Muharram – I have faint memories of the days since my childhood. I still remember the painful cries of “Hussain, Hussain” of the people in the procession wearing black clothes. My parents told me that they were mourning for Hussain, who was killed in a war.
Muharram is the first month of the Islamic Hijrah calendar and one of the four sacred months in the whole year. The 10th day of the month is named “Youm-e-Ashoora” or Ashurah (Ashura). It was on this day that Imam Hussein Ali, the grandson of Prophet Mohammad was killed in the battle of Karbala along with 72 family and followers in 1680AD in Iraq.
The followers of Shiaism mourn for 68 days in remembrance of the tragedy. The mourning culminates on the Ashura day.
This year, I got an opportunity to shoot the event and understand it better.
I was fortunate to be invited by my friend Ali Razvi to witness the mourning of his family, a tradition that was being followed since the last 500 years.
People donned in black attire started gathering and the ritual of ‘matam’ (mourning) started. An elderly gentleman, the head of the family started reciting ‘marsiye’ (elegies) and ‘nauhay’ (poems expressing sorrow). The poems described how Hussain and his follows were killed. It was a very emotional moment. Many people started crying loudly listening to the heart-aching recitals.
After sometime everyone stood up in a circle and started punching their chest and blood oozed out profusely.
Alams are symbolic representations of the martyrs who died on Ashoora day. Each alam is in memory of each of the 72 persons who died with Imam Hussain – his brothers, sons, nephew, friends and followers.
You will find these in ashoorkhanas or ashurkhanas.
We then went to Bibi ka Alawa at Dabirpura. This is the place from where the Bibi-ka-alam or Alam-e-Mubarak procession starts on a elephant on Ashoora day. It is believed to contain a piece of wood plank on which Bibi Fatima Zehra, daughter of Prophet Mohammed, was given the final ablution. The ‘alam’ was installed over 430 years ago during Qutub Shahi period. The ‘alam’ also contains six diamonds and other jewellery donated by Mir Osman Ali Khan, the seventh and last Nizam of Hyderabad.
Waiting for their turn…
People with a bunch of peacock feathers touch it on the head of devotees as blessings.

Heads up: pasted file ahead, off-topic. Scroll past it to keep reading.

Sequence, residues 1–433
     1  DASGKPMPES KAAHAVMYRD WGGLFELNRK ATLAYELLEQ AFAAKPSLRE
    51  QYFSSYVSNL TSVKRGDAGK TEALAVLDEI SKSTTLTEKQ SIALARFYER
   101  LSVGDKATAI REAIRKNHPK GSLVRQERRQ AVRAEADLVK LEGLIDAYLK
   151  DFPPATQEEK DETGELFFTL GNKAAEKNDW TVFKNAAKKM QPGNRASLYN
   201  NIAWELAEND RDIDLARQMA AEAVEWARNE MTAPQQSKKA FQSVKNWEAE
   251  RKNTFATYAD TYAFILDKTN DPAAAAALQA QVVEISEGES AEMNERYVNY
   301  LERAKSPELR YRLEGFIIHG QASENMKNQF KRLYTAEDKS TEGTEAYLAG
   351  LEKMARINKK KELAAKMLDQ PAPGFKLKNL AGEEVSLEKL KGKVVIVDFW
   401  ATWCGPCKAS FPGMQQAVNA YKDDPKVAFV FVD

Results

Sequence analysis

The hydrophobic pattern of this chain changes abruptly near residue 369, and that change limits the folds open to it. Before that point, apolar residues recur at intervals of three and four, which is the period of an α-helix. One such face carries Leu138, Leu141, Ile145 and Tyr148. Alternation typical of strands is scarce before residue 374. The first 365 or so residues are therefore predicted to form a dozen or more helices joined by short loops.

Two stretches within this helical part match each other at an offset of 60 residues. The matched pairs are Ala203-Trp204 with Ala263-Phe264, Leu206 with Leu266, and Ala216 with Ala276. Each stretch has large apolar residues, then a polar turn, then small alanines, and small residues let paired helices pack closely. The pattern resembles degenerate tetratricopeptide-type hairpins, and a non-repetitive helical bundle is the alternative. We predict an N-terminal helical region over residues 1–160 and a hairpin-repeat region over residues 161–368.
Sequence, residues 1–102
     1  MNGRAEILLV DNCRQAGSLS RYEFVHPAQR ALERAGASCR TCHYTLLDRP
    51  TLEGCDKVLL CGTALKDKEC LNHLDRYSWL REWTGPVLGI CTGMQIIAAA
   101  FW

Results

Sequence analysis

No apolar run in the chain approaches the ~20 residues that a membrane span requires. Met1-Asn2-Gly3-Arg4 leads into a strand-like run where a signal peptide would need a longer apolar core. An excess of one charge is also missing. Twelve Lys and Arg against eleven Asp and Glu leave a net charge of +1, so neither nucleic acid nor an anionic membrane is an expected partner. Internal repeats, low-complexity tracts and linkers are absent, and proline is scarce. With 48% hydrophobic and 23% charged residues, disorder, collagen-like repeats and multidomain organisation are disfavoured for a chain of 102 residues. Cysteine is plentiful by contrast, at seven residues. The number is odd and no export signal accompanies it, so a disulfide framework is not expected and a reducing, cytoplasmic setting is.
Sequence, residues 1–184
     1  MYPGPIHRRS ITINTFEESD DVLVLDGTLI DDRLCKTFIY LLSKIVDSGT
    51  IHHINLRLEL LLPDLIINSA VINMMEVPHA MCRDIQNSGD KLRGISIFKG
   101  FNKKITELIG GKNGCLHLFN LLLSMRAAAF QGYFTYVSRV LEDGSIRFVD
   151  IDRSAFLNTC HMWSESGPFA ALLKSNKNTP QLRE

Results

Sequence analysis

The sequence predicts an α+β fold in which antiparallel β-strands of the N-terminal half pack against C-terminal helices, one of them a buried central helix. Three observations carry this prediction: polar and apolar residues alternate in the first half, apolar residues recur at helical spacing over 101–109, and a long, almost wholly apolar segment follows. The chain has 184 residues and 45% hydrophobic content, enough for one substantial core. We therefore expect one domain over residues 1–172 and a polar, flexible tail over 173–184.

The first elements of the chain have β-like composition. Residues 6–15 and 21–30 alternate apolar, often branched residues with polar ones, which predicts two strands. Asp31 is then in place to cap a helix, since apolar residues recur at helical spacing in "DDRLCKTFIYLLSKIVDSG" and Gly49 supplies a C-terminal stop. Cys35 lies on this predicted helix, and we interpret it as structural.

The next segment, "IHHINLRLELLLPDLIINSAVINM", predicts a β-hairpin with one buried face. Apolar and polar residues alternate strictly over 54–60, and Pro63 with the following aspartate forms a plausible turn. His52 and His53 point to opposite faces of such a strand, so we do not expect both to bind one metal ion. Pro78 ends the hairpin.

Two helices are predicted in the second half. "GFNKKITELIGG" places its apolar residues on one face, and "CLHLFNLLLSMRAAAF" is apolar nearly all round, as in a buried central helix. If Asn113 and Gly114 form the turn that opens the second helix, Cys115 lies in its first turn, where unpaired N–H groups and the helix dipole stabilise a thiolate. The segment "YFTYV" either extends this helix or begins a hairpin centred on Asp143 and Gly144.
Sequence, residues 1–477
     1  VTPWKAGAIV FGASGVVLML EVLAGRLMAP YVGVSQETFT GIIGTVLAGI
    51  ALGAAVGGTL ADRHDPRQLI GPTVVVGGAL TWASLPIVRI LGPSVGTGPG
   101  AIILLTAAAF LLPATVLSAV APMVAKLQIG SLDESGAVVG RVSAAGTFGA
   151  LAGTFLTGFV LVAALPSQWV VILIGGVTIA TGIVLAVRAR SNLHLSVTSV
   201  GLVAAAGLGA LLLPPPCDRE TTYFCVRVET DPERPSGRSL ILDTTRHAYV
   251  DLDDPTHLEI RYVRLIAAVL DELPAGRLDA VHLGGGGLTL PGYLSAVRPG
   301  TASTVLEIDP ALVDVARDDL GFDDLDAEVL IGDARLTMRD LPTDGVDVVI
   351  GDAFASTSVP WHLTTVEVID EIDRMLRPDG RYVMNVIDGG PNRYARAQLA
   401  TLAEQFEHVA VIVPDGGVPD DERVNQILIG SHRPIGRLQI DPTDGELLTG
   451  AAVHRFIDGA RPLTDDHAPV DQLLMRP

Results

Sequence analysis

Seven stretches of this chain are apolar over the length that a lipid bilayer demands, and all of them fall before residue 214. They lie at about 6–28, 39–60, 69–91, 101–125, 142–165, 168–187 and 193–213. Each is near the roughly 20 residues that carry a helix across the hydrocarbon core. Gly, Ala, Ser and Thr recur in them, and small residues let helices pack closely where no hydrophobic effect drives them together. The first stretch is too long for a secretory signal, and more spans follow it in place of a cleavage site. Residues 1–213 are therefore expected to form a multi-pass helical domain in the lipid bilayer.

We saw a lot of these red balls hanging outside in shops. These are called goad. Made of coconut and sugar inside, these are offered to Alams.
The Ashoora Day –
We went early to Deewan Devdi to capture the event there
The day started early with devotees offering prayers.
The tools were ready…
Alam Bardaris are the persons who hold the Alams. They wear special attire to equip themselves carry them. Some of the Alams weigh upto 100kgs.
The ‘matam’ starts…
The female onlookers were watching from the terrace.
The kids don’t get scared away; many were actively participating in the event.
The bloodbath starts remembering the pains of Hussain and his followers. It seemed like the self-inflictions were driven from inside – from deep within the heart.
Rose-water is sprinkled on the people to remove the smell of blood.
There were volunteers providing water to clean.
This kid was just standing in between the queue of people with blood sprinkling on his back.
This kid was adjusting his blade to get more hurt.
The pensive lady kept observing.
Then the Alam emerges and the procession starts. The mourners keep chanting Ibn-az-Zehra Wa Waila, which means Goodbye Son Of Zehra. This is a very old tradition.
We follow the procession…
A fearful face before piercing
The devotees have devised all sorts of instruments to inflict pain on themselves.
The Alam proceeds…
The streets of Mir Alam Mandi is full of mourners…
There are many who donate food during this holy month. There are several road-side stalls where you can get food. We had khichdi (a mix of rice and lentils) and waiting for the procession to come.
Thousands of men, women and children line up along the streets with many standing on balconies and roof-tops in Bibi Ka Alawa, Dabeerpura, Etebar Chowk, Moghalpura, Gulzar Houz, Madia and other areas to catch a glimpse of the procession.
It was great to see how people have devised ways to have uninterrupted view of the procession – three-tier galleries!
Not travelling but waiting for the procession…
Some ministers come to witness the event.
Here comes the elephant… and the procession.
And camels along…
I was fortunate to shoot from the top of a water tanker. While my co-passenger was throwing water packets around, I was shooting…
As a photographer, it was big challenge to shoot in such an intense situation. I remembered Raghu Rai’s words on his visit to Bhopal during the gas-tragedy – “As a photographer, you need to rise beyond your emotions in order to do your job in the best possible way“.
Tips for photographers –
RESPECT the culture. Don’t try to invade the privacy – they are mourning not celebrating.
Try to shoot from a distance.
Wear black, to be a part of the event.
Be light, with minimum lenses. Changing lenses might be a big problem.
This post would not have been possible without help of my friend Ali Razvi. He took utmost care to help me get to the places and also help me with the information. Thanks a lot Ali bhai! I owe this post to you.
Thank you for reading this post. Hope you liked spending time here. I will be back again with another interesting place.
You might like to read the Muharram in Nandavaram – A Village in Andhra Pradesh
This post is written by Saurabh Chatterjee. He is a travel photographer and a photography trainer.
He strives to ‘make every camera-owner a great photographer through his Photography workshops and Photo Tours and Photowalks.
All rights reserved. No copying without permission of the author Saurabh Chatterjee